Monday, May 30, 2016

We saw an earlier chapter of this some time back, but we found the conclusion at the comicon: from 2002, Batman #605, "Courage" Written by Ed Brubaker, pencils by Scott McDaniel, inks by Andy Owens.

This issue does take a moment to acknowledge a couple of points that I had thought were going to fall by the wayside: Batman visits the grave of Vesper Fairchild, who had been murdered and Bruce Wayne framed for it. And in the Batcave, to his then-current support team of Nightwing, Robin, Cassandra Cain/Batgirl, Oracle, and Alfred; Batman admits "I'm not an easy person to know." The conspiracy behind the frame-up is revealed, but that it had two parts that hadn't occurred to them: it was a two-pronged attack on Bruce Wayne and Batman.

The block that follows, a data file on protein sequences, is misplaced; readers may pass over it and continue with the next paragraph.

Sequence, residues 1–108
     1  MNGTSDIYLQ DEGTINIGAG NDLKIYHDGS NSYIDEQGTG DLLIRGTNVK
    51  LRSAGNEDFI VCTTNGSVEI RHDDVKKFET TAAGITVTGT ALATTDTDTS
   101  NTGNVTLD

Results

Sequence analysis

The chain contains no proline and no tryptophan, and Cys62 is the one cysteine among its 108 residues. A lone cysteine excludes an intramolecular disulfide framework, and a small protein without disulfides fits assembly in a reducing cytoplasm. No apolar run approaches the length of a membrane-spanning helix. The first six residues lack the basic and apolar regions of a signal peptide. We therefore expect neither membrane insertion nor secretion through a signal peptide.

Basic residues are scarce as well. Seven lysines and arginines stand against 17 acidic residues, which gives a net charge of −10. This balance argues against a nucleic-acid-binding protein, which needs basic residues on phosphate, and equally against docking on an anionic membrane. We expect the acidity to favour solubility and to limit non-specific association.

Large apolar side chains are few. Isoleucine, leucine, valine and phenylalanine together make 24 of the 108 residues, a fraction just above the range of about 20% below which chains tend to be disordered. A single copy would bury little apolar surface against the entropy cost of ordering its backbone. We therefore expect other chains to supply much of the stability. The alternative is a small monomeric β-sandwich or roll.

Then-president Lex Luthor was behind the first part, since Wayne and Luthor had been at odds since the "No Man's Land" crossover. Luthor's man Amherst, whom Batman had recently captured, had hired a professional to break Wayne, and said professional had used a nerve strike on Vesper: a nerve strike that Batman would know, which threw suspicion on him killing her to protect his secret identity. Batgirl had recognized the move, since she had learned it from the same man who taught Batman: the assassin David Cain, Batgirl's father.

Most of the rest of this issue is a shell game, as Batman's team tries to trap Cain, who knows Batman's identity and doesn't consider that "emotional cripple" fit to be Cassandra's father-figure. Batman beats Cain down, but won't kill him; and Cain, having no reason not to now and at Cassandra's behest, confesses to Vesper's murder. In Washington, Luthor asks his staff to track down Amherst; but they won't find him: Batman had him taken to Arkham, and committed under an alias. This would be as close to justice as Vesper would get, since I'm not sure she was brought up when Luthor's presidency ended.

1 comment:

Dale Bagwell said...

So Batman never got even with Luthor for this? Doesn't seem right that he didn't.